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Sometimes you need to look at where you've been to understand where you're going. And I believe this is particularly true for investors in obesity drugmakers like Arena Pharmaceuticals, Inc. (NASDAQ: ARNA ) , Orexigen Therapeutics, Inc. (NASDAQ: OREX ) , and VIVUS, Inc. (NASDAQ: VVUS ) .
Unless you have been hiding under a rock, you know there is a lively and ongoing debate about each of these companies' respective obesity medications, in terms of their regulatory and commercial futures. While Arena's Belviq and VIVUS's Qsymia gained approval with the U.S. Food and Drug Administration, or FDA, over a year ago, neither drug has lived up to its billing sales-wise.
Complicating the matter further, Orexigen's Contrave is also widely expected to gain approval in the U.S. next year, and its potential effect on the marketplace is unknown. This third player could help develop the ailing obesity drug market, or it could push out its competitors altogether. Simply put, only time will tell.
Wall Street has nonetheless been resolute in its steadfast belief that none of these current medications have blockbuster potential. And with an estimated 36% of adults in the U.S. now qualifying as potential consumers of these drugs, Wall Street's view has baffled the retail crowd.
To understand Wall Street's outlook, I think it's best to take a deep look at the past and look ahead to the future of obesity medications.
A brief history
You might think Wall Street's downtrodden view of obesity drugs stems from the well-publicized problems associated with fenfluramine, rimonabant, and perhaps even sibutramine. In short, these three drugs all had nasty, and even life-threatening, side-effects that led to their failure. But this view would be incomplete.
The truth is that obesity medications have a history of serious adverse effects that extends well over a hundred years. In 1893, for example, doctors experimented with thyroid pills to treat obesity, resulting in numerous cases of hyperthyroidism. In 1936, the medical community thought amphetamines might do the trick. Although they were excellent at producing weight loss, they turned out to be wildly addictive.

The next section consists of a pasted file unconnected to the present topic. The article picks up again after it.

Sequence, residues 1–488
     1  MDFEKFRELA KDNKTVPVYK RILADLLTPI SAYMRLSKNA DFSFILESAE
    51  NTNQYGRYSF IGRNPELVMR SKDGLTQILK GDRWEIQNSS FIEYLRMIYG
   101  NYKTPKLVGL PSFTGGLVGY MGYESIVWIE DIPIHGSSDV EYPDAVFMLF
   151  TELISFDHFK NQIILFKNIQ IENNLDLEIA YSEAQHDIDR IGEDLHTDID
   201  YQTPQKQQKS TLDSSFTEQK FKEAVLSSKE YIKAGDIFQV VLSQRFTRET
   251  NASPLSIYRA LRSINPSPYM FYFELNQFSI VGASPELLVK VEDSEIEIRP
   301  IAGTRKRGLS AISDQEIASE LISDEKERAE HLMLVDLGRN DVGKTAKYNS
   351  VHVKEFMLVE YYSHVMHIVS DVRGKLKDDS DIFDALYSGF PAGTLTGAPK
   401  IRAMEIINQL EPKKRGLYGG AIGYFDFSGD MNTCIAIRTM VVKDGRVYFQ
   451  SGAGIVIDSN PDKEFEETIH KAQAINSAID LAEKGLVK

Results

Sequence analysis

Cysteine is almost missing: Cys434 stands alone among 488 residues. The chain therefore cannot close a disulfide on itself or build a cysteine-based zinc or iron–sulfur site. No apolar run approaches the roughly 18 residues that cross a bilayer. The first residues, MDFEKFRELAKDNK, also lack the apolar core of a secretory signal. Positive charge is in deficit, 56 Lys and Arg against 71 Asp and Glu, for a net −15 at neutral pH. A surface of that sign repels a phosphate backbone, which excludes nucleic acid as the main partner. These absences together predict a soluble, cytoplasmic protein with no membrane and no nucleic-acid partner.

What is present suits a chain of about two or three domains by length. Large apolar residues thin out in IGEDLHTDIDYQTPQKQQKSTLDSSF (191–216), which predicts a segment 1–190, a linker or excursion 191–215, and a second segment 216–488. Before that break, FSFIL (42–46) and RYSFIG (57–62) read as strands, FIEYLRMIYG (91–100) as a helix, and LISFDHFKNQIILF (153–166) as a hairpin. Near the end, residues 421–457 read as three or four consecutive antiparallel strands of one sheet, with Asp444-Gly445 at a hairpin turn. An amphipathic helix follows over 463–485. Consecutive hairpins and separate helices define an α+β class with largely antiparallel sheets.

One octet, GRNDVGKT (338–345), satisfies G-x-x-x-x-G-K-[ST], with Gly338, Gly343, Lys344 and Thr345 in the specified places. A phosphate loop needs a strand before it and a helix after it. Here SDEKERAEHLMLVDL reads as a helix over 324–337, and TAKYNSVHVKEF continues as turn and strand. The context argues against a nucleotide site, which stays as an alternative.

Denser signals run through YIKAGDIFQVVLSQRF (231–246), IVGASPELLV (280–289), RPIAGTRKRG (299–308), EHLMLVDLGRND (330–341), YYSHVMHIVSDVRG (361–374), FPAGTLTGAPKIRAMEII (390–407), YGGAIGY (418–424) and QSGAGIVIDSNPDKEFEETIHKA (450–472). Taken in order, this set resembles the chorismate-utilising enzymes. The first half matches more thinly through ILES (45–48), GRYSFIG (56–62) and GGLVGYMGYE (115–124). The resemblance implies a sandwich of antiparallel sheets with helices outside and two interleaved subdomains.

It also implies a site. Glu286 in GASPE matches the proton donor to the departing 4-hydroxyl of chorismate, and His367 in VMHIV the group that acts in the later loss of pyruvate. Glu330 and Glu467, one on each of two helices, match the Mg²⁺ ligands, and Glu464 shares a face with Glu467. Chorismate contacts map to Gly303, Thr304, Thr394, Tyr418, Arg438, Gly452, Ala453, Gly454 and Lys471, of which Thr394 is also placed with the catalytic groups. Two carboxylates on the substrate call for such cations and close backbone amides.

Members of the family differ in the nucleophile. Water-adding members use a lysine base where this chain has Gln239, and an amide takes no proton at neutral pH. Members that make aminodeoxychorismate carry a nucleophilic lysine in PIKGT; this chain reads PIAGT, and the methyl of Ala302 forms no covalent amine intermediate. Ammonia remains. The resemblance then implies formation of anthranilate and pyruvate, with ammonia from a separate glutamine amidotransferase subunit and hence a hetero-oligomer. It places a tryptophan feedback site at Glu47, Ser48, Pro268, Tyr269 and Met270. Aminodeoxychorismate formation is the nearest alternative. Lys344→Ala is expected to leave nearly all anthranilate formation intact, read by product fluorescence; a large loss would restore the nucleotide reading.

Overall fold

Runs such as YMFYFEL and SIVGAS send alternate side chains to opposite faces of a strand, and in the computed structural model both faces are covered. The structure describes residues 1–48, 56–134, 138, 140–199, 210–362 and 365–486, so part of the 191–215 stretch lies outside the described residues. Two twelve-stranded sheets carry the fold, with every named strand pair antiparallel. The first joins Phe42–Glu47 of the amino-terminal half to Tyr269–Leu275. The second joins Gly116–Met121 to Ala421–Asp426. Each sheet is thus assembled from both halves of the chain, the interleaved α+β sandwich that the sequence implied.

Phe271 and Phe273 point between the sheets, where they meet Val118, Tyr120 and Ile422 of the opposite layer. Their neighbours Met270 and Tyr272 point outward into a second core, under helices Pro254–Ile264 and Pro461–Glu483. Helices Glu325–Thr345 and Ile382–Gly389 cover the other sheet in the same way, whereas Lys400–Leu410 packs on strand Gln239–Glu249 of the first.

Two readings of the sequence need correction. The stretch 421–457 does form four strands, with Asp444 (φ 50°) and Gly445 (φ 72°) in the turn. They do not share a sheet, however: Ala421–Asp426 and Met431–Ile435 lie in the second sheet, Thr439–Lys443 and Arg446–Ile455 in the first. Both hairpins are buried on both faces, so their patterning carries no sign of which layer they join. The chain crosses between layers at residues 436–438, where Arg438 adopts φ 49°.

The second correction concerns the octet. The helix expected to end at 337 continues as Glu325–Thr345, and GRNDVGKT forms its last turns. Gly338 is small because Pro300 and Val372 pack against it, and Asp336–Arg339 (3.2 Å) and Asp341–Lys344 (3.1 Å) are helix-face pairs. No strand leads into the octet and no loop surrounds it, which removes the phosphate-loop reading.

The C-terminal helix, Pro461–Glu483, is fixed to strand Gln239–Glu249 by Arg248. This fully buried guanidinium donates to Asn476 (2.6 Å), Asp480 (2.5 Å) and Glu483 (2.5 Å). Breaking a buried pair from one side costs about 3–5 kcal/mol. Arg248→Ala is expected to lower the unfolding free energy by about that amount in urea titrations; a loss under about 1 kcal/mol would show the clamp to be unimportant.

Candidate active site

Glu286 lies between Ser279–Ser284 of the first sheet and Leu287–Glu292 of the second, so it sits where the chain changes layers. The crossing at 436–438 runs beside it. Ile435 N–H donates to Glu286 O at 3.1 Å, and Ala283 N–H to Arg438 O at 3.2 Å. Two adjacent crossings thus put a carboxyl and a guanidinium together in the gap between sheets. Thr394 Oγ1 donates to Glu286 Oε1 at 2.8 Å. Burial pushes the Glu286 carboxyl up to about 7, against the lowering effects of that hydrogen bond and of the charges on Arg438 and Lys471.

Undeterred, the success of amphetamines at treating obesity beget the so-called Rainbow pill in 1967. The Rainbow pill is a mixture of amphetamines, thyroid hormone, barbiturates, among other naughty ingredients. Although hindsight is 20/20, it's not surprising that the primary side-effect of the Rainbow pill is death.
After the Rainbow pill debacle, doctors avoided pharmaceuticals altogether and started recommending very low-calorie diets for the treatment of obesity. This treatment consisted of consuming between 300 calories to 500 calories per day. And not surprisingly, the unwanted side-effect was, well, death.
The future of obesity medications?
NeuroSearch is a small Danish biopharma developing tesofensine for the treatment of obesity. Tesofensine is an anti-convulsant that exhibited severe weight loss as an unexpected side effect when the drug was being investigated as a treatment for Parkinson's and Alzheimer's diseases. After failing to show much benefit for patients suffering from central nervous system disorders, NeuroSearch decided to explore the drug's potential as a treatment for obesity.
To date, the drug has completed a handful of mid-stage trials with the results being nothing short of impressive. So far, tesofensine appears to have a similar safety profile as the currently approved cadre of obesity medications, yet it produces twice as much placebo-adjusted weight loss than VIVUS's Qsymia. As a refresher, Qsymia produces the highest level of weight loss, whereas Belviq and Contrave are tied for second.
Despite these impressive clinical results, you may never see this drug get approved. Because of the rigorous safety requirements for obesity medications, the pivotal late-stage trials for these drugs tend to have enormous price tags. Such an expensive trial is most likely out of the reach of NeuroSearch's capabilities. So it would be up to a well-funded partner to pick up the development torch.
Foolish final thoughts
With experts predicting that a safe and effective obesity medication could generate sales topping $4 billion a year, nearly every big pharma, from Amgen to Pfizer, has attempted to develop a drug at some point. Nonetheless, the big players have now decided that the regulatory and commercial headaches are simply not worth the effort.
And this is why Wall Street is so overtly negative on the current generation of obesity drugmakers. In short, this sentiment has been fomented by dozens of failed drugs over the last hundred plus years. So while pharma companies may continue to chase the dream of a blockbuster obesity medication, it's far from a certainty that one will come to pass.
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